AstraZeneca’s outreach to vaccines is becoming a warning to businesses that intend to do the right thing. Developers at Oxford University have agreed to manufacture and distribute a coronavirus vaccine worldwide. But it has been plagued by controversy, over side effects and Delays in the EU. Now it’s wrapped up in another: about his contract in Thailand with a company owned by the Thai king, and production problems that delayed the explosion of vaccines there and in Southeast Asia. Some competitors, meanwhile, are lifting AstraZeneca five times and earning decent profits.
In addition to the non-profit promise, the Anglo-Swedish drugmaker engaged in the drug business last year, even before the vaccine was approved. request to do more from now on: concluding agreements with manufacturers around the world, also in emerging markets, to increase supply.
Its contract for the Thai Siam Bioscience to produce up to 200 million doses per year, because its production center in Southeast Asia is one of two dozen worldwide. A sensational agreement with the Serum Institute of India was to make the sting a pillar of the Covax initiative to vaccinate lower-income countries before the Covid-19 boom restricted vaccine exports.
Such ambitious efforts would have stretched the largest drug groups. However, the Thai agreement, like the EU supply problems, has raised questions about the management and communication of AstraZeneca. It did not fully explain how it worked with Siam Bioscience, which had never produced before and was not on a Thai government list of companies with the right knowledge earlier last year.
Thai critics say the Anglo-Swedish company had to face the reputational risks associated with a business eventually owned by the billionaire head of state, after protest action against democracy last year rare criticism of the power and personal fortune of the monarch. An opposition figure, Thanathorn Juangroongruangkit, who expressed doubts about the choice of Siam Bioscience, was charged in January by the police with ‘computer crime’ and under the Majesty’s law making statements that could be considered an insult to the royal family. , criminalize. has a maximum sentence of 15 years.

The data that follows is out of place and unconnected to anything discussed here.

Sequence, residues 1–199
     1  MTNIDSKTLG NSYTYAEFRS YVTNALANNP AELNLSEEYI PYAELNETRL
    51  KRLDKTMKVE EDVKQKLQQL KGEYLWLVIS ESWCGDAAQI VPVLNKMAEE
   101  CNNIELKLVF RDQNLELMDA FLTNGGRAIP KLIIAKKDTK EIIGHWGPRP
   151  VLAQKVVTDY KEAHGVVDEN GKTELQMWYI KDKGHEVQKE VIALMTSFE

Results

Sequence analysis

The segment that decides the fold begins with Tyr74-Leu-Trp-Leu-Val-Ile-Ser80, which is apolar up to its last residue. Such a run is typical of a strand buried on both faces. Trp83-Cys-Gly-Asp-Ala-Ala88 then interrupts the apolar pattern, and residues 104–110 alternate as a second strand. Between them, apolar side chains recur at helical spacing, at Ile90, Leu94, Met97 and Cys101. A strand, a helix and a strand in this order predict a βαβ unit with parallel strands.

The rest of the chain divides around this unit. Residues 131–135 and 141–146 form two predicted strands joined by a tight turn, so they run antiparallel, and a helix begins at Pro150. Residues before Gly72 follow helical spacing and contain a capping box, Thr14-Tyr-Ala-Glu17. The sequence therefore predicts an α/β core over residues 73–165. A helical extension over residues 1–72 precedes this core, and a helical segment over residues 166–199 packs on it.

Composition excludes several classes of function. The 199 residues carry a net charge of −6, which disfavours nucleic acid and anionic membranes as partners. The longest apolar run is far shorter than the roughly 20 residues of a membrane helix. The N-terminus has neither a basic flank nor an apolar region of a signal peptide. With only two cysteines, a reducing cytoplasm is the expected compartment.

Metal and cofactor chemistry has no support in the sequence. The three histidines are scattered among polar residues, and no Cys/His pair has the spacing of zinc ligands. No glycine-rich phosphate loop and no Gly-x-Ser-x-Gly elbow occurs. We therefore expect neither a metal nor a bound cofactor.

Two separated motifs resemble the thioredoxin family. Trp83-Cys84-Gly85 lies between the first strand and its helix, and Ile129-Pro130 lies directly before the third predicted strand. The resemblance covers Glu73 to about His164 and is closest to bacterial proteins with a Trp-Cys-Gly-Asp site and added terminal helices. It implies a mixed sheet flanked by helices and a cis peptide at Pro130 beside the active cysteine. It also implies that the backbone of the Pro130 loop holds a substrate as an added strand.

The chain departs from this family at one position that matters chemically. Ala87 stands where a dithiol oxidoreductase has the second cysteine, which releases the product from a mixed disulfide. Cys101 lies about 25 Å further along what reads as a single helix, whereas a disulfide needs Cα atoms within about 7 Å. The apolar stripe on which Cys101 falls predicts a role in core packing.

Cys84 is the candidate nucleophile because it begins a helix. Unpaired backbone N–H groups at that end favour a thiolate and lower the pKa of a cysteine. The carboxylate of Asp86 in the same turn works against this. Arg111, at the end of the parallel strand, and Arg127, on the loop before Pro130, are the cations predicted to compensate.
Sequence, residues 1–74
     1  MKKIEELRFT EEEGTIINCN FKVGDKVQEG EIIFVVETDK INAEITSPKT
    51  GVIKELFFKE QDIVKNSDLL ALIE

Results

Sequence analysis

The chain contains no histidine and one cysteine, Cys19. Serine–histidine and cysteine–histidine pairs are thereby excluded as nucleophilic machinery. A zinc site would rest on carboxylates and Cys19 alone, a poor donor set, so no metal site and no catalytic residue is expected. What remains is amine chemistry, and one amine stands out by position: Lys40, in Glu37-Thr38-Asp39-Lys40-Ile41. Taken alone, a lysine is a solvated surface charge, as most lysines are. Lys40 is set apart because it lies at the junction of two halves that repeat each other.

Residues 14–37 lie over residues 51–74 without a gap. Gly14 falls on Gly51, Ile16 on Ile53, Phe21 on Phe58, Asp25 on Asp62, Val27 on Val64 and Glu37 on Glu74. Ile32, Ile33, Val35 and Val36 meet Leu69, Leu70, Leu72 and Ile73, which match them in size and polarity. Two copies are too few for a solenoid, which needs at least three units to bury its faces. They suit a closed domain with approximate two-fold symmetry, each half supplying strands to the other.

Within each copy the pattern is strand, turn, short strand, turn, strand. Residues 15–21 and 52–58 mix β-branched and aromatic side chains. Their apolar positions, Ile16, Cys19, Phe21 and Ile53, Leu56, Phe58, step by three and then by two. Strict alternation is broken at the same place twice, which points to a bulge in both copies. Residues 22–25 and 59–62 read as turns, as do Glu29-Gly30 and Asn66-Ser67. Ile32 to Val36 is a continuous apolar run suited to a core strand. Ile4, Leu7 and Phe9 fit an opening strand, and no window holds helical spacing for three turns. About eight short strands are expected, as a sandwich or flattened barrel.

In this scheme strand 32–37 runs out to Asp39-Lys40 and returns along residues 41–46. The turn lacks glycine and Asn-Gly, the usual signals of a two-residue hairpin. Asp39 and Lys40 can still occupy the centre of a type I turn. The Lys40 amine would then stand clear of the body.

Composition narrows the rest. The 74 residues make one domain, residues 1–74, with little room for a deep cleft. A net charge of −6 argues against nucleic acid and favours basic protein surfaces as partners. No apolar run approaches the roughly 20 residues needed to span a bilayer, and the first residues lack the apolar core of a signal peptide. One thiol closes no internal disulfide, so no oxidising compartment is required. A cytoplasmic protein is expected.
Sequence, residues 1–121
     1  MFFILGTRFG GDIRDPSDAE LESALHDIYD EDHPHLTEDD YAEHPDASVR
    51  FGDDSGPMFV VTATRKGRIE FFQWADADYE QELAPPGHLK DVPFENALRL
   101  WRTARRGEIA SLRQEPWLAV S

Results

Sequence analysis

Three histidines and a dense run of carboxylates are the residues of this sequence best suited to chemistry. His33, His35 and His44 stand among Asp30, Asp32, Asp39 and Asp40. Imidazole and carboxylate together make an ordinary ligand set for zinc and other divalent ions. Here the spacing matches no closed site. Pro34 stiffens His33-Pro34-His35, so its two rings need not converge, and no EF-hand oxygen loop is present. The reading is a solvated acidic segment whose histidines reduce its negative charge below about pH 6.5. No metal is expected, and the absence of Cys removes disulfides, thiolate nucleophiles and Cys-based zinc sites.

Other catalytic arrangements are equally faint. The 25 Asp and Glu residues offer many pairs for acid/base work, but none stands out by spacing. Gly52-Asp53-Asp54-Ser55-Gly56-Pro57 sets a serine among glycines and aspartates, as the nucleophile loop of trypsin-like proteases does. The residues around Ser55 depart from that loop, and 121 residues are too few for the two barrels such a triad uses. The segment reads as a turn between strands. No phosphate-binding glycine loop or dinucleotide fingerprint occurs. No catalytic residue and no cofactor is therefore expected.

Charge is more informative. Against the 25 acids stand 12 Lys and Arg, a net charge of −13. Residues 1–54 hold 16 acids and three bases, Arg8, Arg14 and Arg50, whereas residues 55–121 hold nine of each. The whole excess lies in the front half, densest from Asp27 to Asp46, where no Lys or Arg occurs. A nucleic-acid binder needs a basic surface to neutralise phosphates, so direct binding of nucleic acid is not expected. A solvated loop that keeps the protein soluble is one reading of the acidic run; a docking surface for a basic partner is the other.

AstraZeneca says that its Thai agreement has taken into account the global supplier capacity, and its focus on ‘local production where possible’; Siam Bioscience ‘has become the best option’, in part because of its modern facilities and technical expertise. But the drugmaker gave little detail about its production agreement, or the cause of the weakening of supply. This has implications not only for the Thai healthcare and tourism-dependent economy, but also for the whole region, with Taiwan, Malaysia and the Philippines all saying they were informed about the delays in shipping Thai manufactured jabs.
The case highlights the care that global pharmaceutical companies must take to find local partners, in terms of reputation and the speed of getting weapons. BioNTech said last week that it plans to establish a complete manufacturing facility in Africa for mRNA vaccines can last four years. The best way to rapidly increase global production of Covid vaccines could be for large drug companies to work with each other and with manufacturers in the developed world, as far as capacity allows.
AstraZeneca has discovered that lofty intentions can only intensify the investigation and criticism if things go wrong. In a global health emergency, consumers will forgive some mistakes. But if that happens, companies need to be open about exactly why.